Adopting A Professional Approach To Economic Governance

AT the time of writing, Tuesday August 12, it was reported that there is an impasse in the talks towards a political settlement.


 A political settlement as a prerequisite to an economic turnaround in Zimbabwe is not an option. The negotiating parties have to internalise this fact both as political parties and as responsible Zimbabweans. They therefore have to take any future consequences to them, of the settlement, arising from their past leadership with courage — swallow unfounded pride, open up the glass castles and so on.

Zimbabweans on the other hand must not passively await this certain “event” of a political settlement — in particular we must not sit expectantly for the arrival of international “help” such as CZI’s Callisto Jokonya and Eddie Cross appear to be doing with their impulsive calls for such “help”.

Zimbabweans must begin to prepare and put in place a governance solution that avoids the governance problems of the past 28 years, or of the era since colonisation. A political framework that enshrines “white rule for a thousand years” is a recipe for the political instability and economic malaise such as we are in, and a political framework aimed at making selfish individuals life presidents, directly or indirectly, leads to and sustains the same result. A selfish political framework in particular, under the whims of one man, has for the past 28 years systematically lost talented and skilled governance personnel with the know-how to move the economy forward.

It has systematically replaced such personnel by personnel serving only to reinstate and uphold the individual — thus ensuring the individual’s life presidency. The result is stark right in our face — a government that has no clue whatsoever on how to take the economy forward, and what’s worse, a government that will not allow anyone who does not support the individual to do something constructive about the economy, a government that hides behind the finger of sanctions. As a direct consequence of poor economic oversight on the part of the deficient political framework, the various economic sectors in Zimbabwe lack an innovative and competent industry captainship and an appropriate work ethics to positively affect productivity.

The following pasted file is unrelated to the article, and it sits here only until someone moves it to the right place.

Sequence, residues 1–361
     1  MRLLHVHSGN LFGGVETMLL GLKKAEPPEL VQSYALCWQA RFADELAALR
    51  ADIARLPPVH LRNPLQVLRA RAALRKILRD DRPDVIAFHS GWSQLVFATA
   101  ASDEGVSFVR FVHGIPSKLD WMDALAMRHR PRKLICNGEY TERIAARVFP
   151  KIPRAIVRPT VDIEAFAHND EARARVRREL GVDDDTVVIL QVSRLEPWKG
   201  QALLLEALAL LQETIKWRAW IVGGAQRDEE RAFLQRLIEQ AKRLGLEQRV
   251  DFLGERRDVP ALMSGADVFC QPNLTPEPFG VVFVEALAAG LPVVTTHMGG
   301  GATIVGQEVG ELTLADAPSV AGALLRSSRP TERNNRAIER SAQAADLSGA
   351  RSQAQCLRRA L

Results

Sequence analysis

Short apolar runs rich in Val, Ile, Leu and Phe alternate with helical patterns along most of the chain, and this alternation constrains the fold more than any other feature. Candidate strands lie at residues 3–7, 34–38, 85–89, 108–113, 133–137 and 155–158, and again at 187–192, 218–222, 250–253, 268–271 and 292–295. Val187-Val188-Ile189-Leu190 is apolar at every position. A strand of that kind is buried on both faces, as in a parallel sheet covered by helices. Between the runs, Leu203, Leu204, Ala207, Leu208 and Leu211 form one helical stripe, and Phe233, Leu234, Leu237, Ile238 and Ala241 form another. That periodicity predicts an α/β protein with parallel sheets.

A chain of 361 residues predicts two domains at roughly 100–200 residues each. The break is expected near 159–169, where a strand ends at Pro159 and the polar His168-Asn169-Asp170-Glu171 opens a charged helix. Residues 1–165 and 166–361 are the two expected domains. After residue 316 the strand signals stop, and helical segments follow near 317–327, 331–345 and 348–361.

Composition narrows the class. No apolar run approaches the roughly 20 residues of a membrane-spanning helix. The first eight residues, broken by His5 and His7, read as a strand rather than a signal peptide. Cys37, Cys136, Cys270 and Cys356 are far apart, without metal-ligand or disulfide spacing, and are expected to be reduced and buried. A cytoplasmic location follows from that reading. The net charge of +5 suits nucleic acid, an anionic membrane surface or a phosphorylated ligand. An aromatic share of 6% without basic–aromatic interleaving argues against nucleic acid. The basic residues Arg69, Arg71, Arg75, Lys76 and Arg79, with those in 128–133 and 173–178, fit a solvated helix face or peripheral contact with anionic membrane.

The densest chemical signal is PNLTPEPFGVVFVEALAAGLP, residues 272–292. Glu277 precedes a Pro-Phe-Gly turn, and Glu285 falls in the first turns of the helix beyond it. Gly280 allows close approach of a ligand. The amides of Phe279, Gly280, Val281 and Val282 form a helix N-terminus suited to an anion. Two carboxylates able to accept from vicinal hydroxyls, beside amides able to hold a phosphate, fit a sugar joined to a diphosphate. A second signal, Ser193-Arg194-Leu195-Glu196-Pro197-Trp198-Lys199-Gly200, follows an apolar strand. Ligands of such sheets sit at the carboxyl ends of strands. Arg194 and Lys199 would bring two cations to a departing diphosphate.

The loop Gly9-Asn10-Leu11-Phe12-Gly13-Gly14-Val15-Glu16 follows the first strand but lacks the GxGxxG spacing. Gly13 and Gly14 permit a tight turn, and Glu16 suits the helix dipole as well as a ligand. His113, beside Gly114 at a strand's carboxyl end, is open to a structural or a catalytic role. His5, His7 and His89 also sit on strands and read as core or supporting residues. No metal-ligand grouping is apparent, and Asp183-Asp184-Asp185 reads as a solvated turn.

If the articles in the Zimbabwe Independent in the past four weeks on the state of management in Zimbabwe and the recent impulsive calls for international help by some industry captains are anything to go by, the capacity of the sitting industry captainship to turn the economy around may be in question.

Any political settlement that does not attend to the problems outlined would be suicidal for Zimbabweans. A governance solution that avoids these problems, identified at both the political level and the economic management level and to help turn the economy around sooner rather than later should use governance approaches to target economic performance — where the targets should be based on established competitive targets and standards. Transparent compliance with the set targets and standards is achieved by instituting sets of governance rules or regulations — the latter of which have to be complied with in zero tolerance governance.